Breadth First Search

Problem #154

Tags: graphs data-structures

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breadth first search demo
Breadth-First Search builds a short and divergent spanning tree

Breadth-First Search with its complement Depth-First Search are two popular methods of searching in the graph. They are building blocks for many other more special algorithms. At the same time each of them may be implemented in several different ways.

The words Breadth-First in the name reflect the manner of search - from any vertex we are trying to investigate all neighbors as soon as possible. Because of this the search process looks as following:

And so on with the general rule that at level K+1 we visit all neighbors of all nodes of level K, of course except ones already visited on previous steps. At the picture above initial node is A, while the first level consists of B, C, and D - and the second contains remaining E, F and G.

The manner in which the algorithm visits vertices resembles the spreading of the wave when it floods the shore. Due to this fact particular implementation of the BFS on a rectangular grid is sometimes called Wave Algorithm - see the following picture to decide whether this name is correct:

wave algorithm demo
Wave algorithm is just another incarnation of the BFS

Typical application

If the graph is connected, BFS will visit all of its nodes. If for each node we will remember where we got to it from - then the resulting set of edges will represent a tree connecting all nodes (so-called spanning tree).

The tree built by BFS at the same time represents the shortests paths from initial vertex to any other (for the graph with the edges of equal weights - otherwise more special algorithm, like Dijkstra should be used).

The puzzle Word Ladders gives an example of a problem when BFS is most suitable.

Other popular usage is for discovering if the graph is connected or consists of several izolated parts. It also allows to mark which vertex belongs to which part. However this task could be by DFS also.

Algorithm implementation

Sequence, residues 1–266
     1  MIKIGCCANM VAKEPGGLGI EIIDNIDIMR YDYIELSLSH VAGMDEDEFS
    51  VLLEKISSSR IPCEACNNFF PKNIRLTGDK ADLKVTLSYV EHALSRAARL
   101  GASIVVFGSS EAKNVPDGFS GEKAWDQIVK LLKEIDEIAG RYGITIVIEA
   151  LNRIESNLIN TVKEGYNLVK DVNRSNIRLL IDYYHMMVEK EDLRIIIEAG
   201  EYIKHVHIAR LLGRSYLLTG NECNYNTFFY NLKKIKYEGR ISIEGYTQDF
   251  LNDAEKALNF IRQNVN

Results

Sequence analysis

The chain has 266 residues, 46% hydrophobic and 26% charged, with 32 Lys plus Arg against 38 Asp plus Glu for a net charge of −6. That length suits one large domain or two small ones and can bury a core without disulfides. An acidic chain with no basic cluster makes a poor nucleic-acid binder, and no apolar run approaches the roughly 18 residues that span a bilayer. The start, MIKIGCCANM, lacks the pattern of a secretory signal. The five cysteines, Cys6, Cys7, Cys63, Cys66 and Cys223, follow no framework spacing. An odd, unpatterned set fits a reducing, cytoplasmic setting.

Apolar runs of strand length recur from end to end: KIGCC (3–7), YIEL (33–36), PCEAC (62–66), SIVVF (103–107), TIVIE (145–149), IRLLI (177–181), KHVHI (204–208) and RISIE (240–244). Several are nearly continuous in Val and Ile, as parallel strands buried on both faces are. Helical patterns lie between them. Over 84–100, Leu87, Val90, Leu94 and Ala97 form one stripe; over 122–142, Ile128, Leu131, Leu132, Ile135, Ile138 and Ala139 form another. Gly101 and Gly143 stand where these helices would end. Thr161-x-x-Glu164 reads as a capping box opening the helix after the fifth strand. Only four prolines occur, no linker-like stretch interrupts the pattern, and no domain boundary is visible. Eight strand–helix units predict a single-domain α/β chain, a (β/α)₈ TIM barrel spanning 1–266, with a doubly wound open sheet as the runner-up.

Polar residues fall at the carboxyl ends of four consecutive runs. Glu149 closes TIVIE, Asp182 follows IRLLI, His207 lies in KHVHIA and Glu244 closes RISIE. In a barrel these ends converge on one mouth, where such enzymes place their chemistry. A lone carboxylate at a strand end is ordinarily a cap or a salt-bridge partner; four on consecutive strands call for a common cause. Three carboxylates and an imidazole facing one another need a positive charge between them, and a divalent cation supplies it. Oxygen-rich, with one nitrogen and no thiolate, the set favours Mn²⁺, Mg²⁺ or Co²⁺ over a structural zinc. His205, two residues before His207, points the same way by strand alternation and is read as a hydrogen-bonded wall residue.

Usually we prefer to use a Queue to keep the track of the nodes which we are going to visit soon. This data structure provides two operations, let us call them add and remove for putting new elements to it and fetching them later. The core property is that elements are removed in the same order in which they were stored - this is often called FIFO, i.e. first in, first out. For example if you add elements to the end of the list and remove them from the beginning - it will work as a queue.

We also need some way to mark vertices as seen - it could be array of flags or set to which we will add ids of vertices or something like this.

That's how algorithm works:

  1. We add the initial node to queue and mark it as seen.
  2. Remove the next element from the queue and call it current.
  3. Get all neighbors of the current node which are not yet marked as seen.
  4. Store all these neighbors into the queue and mark them all as seen.
  5. Repeat from the step 2 until the queue becomes empty.

Usually we perform some additional actions along with these core steps. For example:

You also can read wikipedia article to get more clear idea.


Problem statement

You are given an undirected and unweighted graph with vertices identifided by integers. The goal is to run BFS over it as described above, starting from the node 0.

As output you should produce the seen array which shows where each vertex was visited from.

To avoid ambiguosity please at the step 3 sort all fetched neighbors in order of increasing their id numbers.

Input data will contain the amount of nodes N and the amount of edges M.
Then M lines will follow each containing ids of two nodes connected by an edge. Node ids are integers between 0 and N-1.
Answer should contain the seen array as described above. It should have -1 for the initial node.

Example:

input data:
7 10
0 1
2 0
0 3
1 4
4 3
2 3
5 2
6 3
4 6
6 5

answer:
-1 0 0 0 1 2 3

This example is from the picture above, only vertices are labeled with 0...6 instead of A...F.

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